Good Stock

I’m sort of embarrassed about posting this video, but after I shot it, I couldn’t resist. I sound like such a freak. I’m pretty sure I don’t sound like that normally.

Anyway, I happened to be preparing tinga, which I’ve described before, and thought it might be a good opportunity to talk about stock. I know the thought of making stock from scratch can feel like a lot of work. But making stock really is as simple as throwing chickens in a pot, covering them with water, and letting them simmer for a few hours. Additions such as onions, carrots, celery, bay leaves, peppercorns, etc., of course, enhance the flavor of the stock, but if you don’t have them or don’t feel like adding them, it doesn’t matter. The gelatinous stock shown in the video was prepared with nothing more than chickens and water.

Let me tell you about this dish. I learned how to make it from a woman named Patricia who I worked with at Fork back in Philadelphia. Patricia often prepared tinga — chicken stewed with onions, tomatoes and chipotle in adobo sauce — for the “family meal” and served it with rice or soft tortillas. It’s incredibly delicious over crispy tortillas, too, served with a poached egg on top.

This recipe calls for one chicken, but it can be easily doubled. (Tinga freezes well — I have quarts of it ready to be thawed at a moment’s notice.) You also can make chicken stock with the carcass: After you pull off all of the meat, put the remaining bones back in the poaching liquid and let the mixture simmer for another couple of hours.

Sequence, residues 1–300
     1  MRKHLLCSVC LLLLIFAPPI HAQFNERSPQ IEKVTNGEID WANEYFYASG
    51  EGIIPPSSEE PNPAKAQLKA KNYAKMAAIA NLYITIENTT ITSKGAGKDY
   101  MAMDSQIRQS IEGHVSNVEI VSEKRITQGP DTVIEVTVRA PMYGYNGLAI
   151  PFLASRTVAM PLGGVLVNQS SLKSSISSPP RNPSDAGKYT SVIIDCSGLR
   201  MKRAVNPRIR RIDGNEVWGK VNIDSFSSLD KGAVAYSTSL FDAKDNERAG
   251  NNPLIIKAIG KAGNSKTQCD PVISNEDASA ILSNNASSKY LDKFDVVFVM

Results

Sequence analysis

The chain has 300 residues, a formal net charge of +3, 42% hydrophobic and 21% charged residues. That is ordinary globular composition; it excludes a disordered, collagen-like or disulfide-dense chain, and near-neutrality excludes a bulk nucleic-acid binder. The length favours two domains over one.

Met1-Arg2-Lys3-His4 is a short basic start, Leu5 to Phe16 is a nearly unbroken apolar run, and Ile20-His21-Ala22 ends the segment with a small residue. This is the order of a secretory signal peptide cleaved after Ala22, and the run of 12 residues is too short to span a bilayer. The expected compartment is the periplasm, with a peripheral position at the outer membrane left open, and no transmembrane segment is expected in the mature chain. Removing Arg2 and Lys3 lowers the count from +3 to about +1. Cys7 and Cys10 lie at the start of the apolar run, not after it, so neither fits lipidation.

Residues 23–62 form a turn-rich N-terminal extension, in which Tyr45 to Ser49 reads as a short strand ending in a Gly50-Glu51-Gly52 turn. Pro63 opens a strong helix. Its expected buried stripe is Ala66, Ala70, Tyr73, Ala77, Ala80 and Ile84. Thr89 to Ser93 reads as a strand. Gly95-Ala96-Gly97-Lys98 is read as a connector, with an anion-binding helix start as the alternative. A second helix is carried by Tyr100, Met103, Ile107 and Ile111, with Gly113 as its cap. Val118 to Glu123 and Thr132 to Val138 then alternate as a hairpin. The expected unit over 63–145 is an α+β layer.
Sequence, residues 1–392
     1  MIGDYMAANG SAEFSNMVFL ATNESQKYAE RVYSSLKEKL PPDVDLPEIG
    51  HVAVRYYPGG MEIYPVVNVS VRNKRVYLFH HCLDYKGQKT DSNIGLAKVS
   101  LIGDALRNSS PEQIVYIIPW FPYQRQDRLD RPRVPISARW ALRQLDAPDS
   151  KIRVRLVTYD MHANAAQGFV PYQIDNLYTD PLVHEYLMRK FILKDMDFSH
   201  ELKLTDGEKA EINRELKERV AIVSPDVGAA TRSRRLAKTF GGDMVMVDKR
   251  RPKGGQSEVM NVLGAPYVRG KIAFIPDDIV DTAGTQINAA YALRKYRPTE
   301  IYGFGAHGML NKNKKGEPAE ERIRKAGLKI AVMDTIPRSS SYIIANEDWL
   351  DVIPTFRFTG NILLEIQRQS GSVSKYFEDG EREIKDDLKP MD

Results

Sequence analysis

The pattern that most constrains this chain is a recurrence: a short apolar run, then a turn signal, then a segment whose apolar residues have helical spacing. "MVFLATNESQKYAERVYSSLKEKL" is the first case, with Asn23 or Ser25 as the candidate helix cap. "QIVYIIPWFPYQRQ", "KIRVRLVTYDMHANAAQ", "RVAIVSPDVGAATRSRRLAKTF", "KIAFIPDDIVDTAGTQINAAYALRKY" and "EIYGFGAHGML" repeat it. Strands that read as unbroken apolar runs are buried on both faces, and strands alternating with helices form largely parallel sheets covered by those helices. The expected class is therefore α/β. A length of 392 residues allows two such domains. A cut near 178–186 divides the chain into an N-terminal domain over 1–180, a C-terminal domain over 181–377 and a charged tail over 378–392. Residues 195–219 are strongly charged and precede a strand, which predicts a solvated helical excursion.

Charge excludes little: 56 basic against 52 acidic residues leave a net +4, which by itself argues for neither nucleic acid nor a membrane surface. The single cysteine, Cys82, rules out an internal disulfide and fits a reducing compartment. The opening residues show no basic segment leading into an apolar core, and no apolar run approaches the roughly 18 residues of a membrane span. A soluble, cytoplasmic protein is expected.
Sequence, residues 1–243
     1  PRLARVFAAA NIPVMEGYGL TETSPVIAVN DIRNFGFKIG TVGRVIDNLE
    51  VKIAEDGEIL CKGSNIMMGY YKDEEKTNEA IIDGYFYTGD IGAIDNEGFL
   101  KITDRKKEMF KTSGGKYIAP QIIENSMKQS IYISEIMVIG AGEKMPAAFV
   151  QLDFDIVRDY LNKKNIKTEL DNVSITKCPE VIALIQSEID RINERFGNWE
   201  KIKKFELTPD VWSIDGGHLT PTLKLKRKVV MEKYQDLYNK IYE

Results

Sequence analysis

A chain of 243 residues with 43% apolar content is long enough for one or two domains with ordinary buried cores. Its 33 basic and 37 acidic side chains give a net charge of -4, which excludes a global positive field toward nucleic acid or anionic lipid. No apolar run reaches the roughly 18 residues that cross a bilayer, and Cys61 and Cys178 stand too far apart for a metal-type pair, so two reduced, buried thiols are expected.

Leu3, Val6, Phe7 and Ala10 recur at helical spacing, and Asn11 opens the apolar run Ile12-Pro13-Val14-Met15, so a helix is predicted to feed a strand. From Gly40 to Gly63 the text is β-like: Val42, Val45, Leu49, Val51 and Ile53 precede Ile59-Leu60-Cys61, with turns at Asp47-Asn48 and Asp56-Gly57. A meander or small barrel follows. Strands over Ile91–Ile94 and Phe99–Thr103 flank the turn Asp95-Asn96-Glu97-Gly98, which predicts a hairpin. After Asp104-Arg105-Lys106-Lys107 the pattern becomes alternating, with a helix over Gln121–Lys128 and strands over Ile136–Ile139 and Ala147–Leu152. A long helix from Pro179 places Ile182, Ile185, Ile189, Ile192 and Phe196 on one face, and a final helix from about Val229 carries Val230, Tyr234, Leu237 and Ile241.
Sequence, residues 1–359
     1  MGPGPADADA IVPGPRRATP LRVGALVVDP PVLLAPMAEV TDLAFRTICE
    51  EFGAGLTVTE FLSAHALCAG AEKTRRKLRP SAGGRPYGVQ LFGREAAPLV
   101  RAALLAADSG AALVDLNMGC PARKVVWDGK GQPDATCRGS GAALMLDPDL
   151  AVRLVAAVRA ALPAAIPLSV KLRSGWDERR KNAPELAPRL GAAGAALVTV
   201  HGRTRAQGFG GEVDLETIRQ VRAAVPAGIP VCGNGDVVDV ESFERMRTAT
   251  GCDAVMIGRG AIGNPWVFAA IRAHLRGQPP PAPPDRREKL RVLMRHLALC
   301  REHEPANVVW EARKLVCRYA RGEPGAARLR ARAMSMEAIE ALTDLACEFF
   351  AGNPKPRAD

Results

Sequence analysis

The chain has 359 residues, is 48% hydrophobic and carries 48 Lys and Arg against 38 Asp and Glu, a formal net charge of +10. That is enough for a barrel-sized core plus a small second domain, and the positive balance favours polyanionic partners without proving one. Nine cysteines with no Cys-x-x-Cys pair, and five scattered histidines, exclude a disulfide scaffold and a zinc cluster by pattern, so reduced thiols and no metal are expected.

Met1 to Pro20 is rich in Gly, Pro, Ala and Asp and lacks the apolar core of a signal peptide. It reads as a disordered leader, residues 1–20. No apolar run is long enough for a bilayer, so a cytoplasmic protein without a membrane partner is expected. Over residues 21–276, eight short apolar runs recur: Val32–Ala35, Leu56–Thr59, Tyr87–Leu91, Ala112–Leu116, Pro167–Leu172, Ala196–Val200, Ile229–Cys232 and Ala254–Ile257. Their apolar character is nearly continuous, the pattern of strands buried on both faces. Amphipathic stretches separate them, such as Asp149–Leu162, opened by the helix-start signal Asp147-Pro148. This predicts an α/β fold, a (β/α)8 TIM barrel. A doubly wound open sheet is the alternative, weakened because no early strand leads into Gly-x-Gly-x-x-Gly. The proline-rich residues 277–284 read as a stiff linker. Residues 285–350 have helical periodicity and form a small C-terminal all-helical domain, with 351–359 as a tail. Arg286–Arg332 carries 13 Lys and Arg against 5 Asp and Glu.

Chicken, pulled from its bones after simmering in water for about an hour.

Cilantro, soaking to remove dirt.

Chicken carcasses in water ready to be simmered.

Fat, scraped from a quart of chicken stock after sitting in the refrigerator overnight.

Stock, fat removed, ready to be frozen.

Homemade Chicken Stock

Note: As I mentioned above, making stock is as simple as throwing chickens in a pot, covering them with water, and letting them simmer for a few hours. Additions such as onions, carrots, celery, bay leaves, peppercorns, etc., of course, enhance the flavor of the stock, but if you don’t have them or don’t feel like adding them, it doesn’t matter.

These days, I simply remove the legs with their bones from a whole chicken (to be used for one meal) as well as the breasts (to be used for another meal) and throw the two wings and remaining carcass into the stock pot. (Watch the video here for help breaking down a chicken.) I cover these bones/meat with water and let simmer for about 2.5 hours without any additions (carrots, celery, etc.), and I get about 1.5 qts of really flavorful stock.

The below recipe is what my mother does, but truly, you don’t have to be so fussy.

3 lbs chicken, such as a whole chicken or wings or legs or just bones
2 stalks celery
2 carrots
1/2 tsp. whole peppercorns
1 bay leaf
1 onion, cut in half, studded with 4 cloves total (2 in each half)

1. Place chicken or chicken bones into a large pot. Add remaining ingredients. Cover with cold water. Bring to a boil, then turn down the heat so that the water is gently simmering. Scoop off and discard any scum that bubbles up at the surface. Let simmer for about 2 hours.

2. Place a colander over a large bowl. Pour contents of stock pot through the colander. Discard all of these pieces once they have cooled. Transfer stock to storage containers and place in the fridge overnight or until completely chilled and fat has formed a solid layer at the top of the container. Scoop off this fat and discard. Freeze stock or store in fridge for at least a week.

Mexican Tinga
Serves 8

1 3-4 lb. chicken
1 tablespoon olive oil
1 white onion, sliced
1 small can chipotles
in adobo sauce